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Believe it or not, 70% of the people in this world does not possess self-compassion. So what is self-compassion?

When our best friend is having some difficult moments in his/her life, we will definitely offer our kindness to him/her.

Let’s change the situation:

If we encounter difficult moments, do we treat ourselves with the same kindness that we offer to our best friends?

Going deeper into the situation:

What do we do when our best friend is sick?

Of course, we will offer our kindnesses such as offering a glass of water for him/her or wishing him/her to get well soon.

Shifting the lens back to ourselves:

Do we offer ourselves a glass of water for ourselves or wish ourselves well in similar situations?

Or are we, in our minds, self-criticizing ourselves for being useless and sick?

When we are offering our kindnesses to others, do we offer the same kindness to ourselves?

This article will introduce the concept of and the research on self-compassion, as well as some tips on applying it in our daily life.

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Kristin Neff is the researcher who conceptualised the construct of self-compassion. According to her, self-compassion consists of three main components, namely: (1) Self-kindness, (2) a sense of Common Humanity and (3) Mindfulness (Neff, 2018).

(1) Self-kindness

Generally, we are kind to other people and we value this kindness in our society (Neff, 2016). However, we often forget to put much value on being kind to ourselves. When we make mistakes or fail, we often make harsh judgement about ourselves, in a very self-critical manner. Self-compassion allows us to acknowledge difficulties and inadequacies as parts of life that could not be denied or resisted, so that we could embrace ourselves with kindness, warmth and acceptance.

(2) Common Humanity

Harsh self-judgement usually contribute to our feelings of isolation and this is one of the biggest issues in life. When we think about our personal failures and our own limitations, we have a tendency to feel isolated and separated from others. We irrationally believe our sufferings & struggles are abnormal compared to others who look like they are having an easier time. Common humanity allows us to acknowledge that all people make mistakes, fail, and feel inadequate in some way. Self-compassion allows us to relate our imperfections to the shared human experience which is a broad and inclusive perspective.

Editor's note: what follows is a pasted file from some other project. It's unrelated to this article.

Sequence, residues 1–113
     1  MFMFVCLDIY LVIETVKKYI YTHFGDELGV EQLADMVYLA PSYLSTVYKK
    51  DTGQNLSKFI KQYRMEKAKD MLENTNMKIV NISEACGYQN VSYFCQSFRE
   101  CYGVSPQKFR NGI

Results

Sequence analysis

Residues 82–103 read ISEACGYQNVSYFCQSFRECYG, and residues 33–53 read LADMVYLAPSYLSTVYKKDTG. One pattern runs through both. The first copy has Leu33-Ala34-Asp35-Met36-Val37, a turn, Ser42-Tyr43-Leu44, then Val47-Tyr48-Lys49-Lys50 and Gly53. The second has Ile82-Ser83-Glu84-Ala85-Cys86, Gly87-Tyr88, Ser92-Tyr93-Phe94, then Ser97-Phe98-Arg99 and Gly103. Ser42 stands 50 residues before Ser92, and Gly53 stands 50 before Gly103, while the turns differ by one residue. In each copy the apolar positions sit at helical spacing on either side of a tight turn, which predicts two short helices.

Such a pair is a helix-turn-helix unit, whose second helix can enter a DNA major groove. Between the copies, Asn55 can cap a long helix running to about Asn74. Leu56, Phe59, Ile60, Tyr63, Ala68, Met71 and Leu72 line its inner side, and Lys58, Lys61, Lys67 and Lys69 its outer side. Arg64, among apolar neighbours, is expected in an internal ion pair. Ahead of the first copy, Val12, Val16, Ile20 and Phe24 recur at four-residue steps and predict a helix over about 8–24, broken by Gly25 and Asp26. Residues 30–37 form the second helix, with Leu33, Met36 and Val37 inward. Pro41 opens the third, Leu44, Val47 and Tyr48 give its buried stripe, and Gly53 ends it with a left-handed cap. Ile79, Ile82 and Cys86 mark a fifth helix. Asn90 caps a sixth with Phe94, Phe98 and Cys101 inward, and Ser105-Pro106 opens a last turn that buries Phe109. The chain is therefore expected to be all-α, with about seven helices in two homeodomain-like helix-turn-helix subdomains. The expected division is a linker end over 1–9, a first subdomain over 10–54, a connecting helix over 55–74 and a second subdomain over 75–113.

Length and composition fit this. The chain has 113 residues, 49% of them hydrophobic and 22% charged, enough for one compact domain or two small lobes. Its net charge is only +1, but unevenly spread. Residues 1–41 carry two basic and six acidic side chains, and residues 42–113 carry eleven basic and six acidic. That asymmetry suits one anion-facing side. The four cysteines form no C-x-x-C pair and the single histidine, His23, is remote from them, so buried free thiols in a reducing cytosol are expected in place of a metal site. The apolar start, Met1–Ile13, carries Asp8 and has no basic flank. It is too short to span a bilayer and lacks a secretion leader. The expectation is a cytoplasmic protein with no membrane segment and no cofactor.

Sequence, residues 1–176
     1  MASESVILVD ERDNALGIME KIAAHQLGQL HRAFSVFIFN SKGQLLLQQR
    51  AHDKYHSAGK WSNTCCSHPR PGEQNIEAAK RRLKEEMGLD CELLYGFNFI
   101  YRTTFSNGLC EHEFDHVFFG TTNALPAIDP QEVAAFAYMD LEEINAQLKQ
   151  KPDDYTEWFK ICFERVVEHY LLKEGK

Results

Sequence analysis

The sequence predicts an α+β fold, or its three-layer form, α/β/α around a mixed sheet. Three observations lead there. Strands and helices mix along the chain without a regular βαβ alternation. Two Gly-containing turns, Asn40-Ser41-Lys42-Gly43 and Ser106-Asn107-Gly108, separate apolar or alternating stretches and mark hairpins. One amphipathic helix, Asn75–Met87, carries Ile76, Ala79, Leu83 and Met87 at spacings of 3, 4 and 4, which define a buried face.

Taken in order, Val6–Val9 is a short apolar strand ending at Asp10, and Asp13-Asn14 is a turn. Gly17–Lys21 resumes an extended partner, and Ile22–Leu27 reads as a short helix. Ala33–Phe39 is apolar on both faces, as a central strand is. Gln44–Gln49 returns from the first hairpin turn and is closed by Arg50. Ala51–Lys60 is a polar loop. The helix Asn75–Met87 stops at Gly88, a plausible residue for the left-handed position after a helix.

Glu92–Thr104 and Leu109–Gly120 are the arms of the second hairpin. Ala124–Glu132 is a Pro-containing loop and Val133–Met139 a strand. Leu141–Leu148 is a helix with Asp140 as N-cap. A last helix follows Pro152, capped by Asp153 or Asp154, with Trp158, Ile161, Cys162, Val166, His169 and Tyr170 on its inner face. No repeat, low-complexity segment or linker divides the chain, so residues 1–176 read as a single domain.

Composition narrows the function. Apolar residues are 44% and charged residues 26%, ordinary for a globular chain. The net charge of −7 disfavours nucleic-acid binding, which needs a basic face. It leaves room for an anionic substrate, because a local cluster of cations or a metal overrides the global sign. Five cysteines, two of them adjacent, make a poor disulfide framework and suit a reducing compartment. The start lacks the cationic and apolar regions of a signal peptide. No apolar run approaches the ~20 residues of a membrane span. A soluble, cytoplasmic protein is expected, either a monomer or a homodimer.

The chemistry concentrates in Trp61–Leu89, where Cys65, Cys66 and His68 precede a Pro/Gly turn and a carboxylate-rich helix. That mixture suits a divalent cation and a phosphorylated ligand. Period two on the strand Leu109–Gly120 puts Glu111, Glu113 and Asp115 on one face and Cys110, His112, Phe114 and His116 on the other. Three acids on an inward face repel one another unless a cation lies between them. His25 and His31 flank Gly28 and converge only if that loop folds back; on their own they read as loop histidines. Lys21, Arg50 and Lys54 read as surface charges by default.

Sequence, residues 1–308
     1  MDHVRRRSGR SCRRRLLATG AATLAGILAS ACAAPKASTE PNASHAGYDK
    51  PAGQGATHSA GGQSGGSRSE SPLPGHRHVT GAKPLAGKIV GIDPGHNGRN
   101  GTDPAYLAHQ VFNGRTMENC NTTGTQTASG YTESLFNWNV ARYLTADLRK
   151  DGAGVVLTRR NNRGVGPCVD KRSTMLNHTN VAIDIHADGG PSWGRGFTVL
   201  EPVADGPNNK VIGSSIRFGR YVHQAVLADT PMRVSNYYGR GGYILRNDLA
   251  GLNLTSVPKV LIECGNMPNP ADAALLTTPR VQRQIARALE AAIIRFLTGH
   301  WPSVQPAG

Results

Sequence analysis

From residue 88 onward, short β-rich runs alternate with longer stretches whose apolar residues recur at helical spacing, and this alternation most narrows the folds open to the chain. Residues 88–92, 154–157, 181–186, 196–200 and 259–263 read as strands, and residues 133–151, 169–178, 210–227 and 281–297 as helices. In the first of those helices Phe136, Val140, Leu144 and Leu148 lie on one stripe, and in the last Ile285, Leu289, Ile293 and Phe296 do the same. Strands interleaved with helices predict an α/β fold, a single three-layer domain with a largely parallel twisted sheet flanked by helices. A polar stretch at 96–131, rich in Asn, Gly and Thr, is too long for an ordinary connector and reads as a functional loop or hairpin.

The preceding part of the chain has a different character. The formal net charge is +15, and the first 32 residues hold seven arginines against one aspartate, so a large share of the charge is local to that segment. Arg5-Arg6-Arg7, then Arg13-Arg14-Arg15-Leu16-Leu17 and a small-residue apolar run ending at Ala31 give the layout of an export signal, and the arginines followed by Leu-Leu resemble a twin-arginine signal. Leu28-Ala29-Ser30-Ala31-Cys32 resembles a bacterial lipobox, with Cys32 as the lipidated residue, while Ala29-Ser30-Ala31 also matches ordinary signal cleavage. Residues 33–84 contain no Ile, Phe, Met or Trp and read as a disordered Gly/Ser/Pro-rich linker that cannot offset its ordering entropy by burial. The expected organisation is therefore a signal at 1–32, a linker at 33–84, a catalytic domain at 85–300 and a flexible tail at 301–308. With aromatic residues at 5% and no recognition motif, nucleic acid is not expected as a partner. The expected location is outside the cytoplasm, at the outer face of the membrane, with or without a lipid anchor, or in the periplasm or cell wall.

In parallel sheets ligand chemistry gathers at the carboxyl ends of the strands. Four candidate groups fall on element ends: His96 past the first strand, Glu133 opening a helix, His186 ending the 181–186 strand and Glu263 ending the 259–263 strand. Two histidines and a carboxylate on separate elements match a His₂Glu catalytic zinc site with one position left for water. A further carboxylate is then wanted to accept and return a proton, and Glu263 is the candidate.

(3) Mindfulness

Mindfulness allows us to be aware of the present in a clear and balanced manner, so that we do not ignore or ruminate on disliked aspects of ourselves or our life (Neff, 2018). Mindfulness allows us to take a balanced approach towards negative emotions so that feelings are gently treated rather than suppressing or exaggerating them.

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(A) Self-Compassion Publications Sorted by Area of Study

When we search the Self-Compassion website (Neff, 2018), there are numerous publications on the topic of self-compassion which can be sorted out into 25 areas of study. They include:

(1) Self-Compassion in Adolescents and Children
(2) Self-Compassion and Aging
(3) Self-Compassion and Athletics
(4) Self-Compassion, Body Image and Eating Behavior
(5) Self-Compassion, Care-giving, and Burnout
(6) Self-Compassion in Clinical Contexts
(7) Self-Compassion, Coping and Resilience
(8) Self-Compassion and Culture
(9) Self-Compassion examined with Experimental Methodologies
(10) Self-Compassion and Family Dynamics
(11) Self-Compassion, Gender and Sexual Orientation
(12) Self-Compassion: General Reviews
(13) Self-Compassion and Health
(14) Self-Compassion and Interpersonal Concerns
(15) Self-Compassion Interventions
(16) Self-Compassion and Mindfulness
(17) Self-Compassion in Mindfulness and Compassion Training
(18) Self-Compassion and Motivation
(19) Self-Compassion and Pysiological Functioning
(20) Self-Compassion and Positive Psychology
(21) Self-Compassion and Psychological Wellbeing
(22) Self-Compassion Scale:  Translations and Psychometrics
(23) Self-Compassion and Self-Esteem
(24) Self-Compassion and Trauma
(25) Self-Compassion in Work and Professional Contexts

(B) The benefits of Self-Compassion

In general, self-compassion is linked to positive psychological health. Self-compassion has positive relations with self-reported measurements of happiness, optimism, positive affect, wisdom, personal initiative, curiosity & exploration, agreeableness, extroversion, and conscientiousness (Neff, Rude, & Kirkpatrik, 2006). Meanwhile, self-compassion also has a significant relation with negative affect and neuroticism (Neff, Rude, & Kirkpatrik, 2006). In addition, self-compassion is positively related to gratitude and satisfaction with life (Breen, Kashdan, Lenser, & Fincham, 2010). Also self-compassion is positively related to mindfulness, competence, intrinsic motivation, and relatedness (Neff 2003a; Neff, Hseih, & Dejitterat, 2005) which are the basic aspects of psychological well-being (Ryan, Huta, & Deci, 2013).